U.S. Subcompact Car Market Share Fell by Half Since 2016; Subcompact Crossover Segment Tripled Since 2013
No Yaris. No Fiesta. No Sonic. No Mazda2. No Fit.
America’s subcompact car segment is decimated. According to Tyson Jominy, the vice president of data and analytics at J.D. Power, 40 percent of last year’s subcompact sales are gone. Jominy doesn’t mean “fewer sales.” He means that the nameplates responsible for 40 percent of the sales are gone.
And is it any wonder? As recently as 2014, subcompact cars produced 3.8 percent of all U.S. auto sales. Collectively, the few remaining subcompact cars now account for just 1.4 percent of the American light vehicle market.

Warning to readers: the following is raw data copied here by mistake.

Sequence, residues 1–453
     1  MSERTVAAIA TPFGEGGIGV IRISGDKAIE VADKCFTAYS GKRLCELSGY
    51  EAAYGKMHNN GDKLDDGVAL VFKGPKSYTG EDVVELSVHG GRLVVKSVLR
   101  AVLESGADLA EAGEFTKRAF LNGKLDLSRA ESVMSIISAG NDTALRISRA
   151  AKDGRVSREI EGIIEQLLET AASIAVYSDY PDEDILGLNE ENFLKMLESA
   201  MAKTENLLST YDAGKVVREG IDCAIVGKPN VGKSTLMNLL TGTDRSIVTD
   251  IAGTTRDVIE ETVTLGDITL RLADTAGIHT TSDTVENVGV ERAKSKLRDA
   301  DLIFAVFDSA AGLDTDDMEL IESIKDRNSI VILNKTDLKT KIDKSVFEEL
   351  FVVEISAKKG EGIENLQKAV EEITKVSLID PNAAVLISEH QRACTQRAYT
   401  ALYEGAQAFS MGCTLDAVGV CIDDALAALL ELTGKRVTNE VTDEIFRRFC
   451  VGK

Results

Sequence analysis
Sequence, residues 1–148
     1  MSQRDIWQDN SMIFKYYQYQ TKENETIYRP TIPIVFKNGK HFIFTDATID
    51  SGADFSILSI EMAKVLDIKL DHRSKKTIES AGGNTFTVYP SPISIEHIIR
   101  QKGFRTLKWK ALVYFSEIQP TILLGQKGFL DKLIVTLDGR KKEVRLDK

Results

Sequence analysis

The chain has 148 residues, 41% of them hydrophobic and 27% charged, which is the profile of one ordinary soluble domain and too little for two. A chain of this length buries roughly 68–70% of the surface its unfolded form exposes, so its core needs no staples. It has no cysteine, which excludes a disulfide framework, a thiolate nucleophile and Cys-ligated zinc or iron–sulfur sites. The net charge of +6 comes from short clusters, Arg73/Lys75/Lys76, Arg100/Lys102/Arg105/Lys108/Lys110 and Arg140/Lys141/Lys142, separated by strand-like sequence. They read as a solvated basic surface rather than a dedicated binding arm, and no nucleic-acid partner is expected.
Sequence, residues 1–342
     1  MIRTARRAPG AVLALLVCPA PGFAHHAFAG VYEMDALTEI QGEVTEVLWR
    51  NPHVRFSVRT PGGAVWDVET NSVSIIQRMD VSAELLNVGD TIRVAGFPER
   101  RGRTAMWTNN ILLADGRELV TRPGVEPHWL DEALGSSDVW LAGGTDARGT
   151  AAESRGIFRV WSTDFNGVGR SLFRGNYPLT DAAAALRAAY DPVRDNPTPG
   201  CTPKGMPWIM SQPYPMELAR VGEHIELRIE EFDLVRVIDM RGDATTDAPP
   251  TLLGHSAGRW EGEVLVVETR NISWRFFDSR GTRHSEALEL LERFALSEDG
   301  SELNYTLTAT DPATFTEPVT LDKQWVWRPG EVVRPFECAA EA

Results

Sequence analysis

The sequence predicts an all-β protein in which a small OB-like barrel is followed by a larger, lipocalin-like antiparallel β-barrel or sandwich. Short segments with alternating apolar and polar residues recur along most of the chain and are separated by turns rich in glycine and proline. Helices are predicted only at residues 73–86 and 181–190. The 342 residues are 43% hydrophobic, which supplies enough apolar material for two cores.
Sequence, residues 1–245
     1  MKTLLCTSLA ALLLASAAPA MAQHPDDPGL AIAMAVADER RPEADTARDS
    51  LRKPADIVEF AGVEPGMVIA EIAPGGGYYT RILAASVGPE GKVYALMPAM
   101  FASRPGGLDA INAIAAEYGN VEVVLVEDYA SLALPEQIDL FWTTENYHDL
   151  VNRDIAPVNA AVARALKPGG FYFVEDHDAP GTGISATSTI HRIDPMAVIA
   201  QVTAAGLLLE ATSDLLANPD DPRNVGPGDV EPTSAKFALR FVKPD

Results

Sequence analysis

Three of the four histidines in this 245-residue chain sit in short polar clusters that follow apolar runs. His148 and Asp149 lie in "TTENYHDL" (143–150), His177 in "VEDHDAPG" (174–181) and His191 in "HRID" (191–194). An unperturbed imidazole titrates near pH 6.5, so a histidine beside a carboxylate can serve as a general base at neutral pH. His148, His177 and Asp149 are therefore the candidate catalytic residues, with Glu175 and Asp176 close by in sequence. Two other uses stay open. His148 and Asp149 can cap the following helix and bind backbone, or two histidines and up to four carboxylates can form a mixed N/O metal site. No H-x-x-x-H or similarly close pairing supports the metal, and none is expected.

At the current rate of decline, fewer than 1 percent of the vehicles sold in America in 2022 will be subcompact cars. But we all know the current rate of decline is hardly an accurate harbinger. If subcompacts own 1 percent of the market in 2021, we’d be surprised.
After the Gold Rush: Rolls-Royce Ready to Embrace Minimalism
We’ve covered how mainstream automakers rose to the coronavirus challenge ad nauseum, but what about companies whose customers dream of rich mahogany and yachting off Cannes all night?
Well, just like a Silicon Valley tech mogul, Rolls-Royce spent these past few months reflecting, peering deep within its soul, all to learn how to become a better friend to its clients. Apparently, “post-opulence” is now a thing.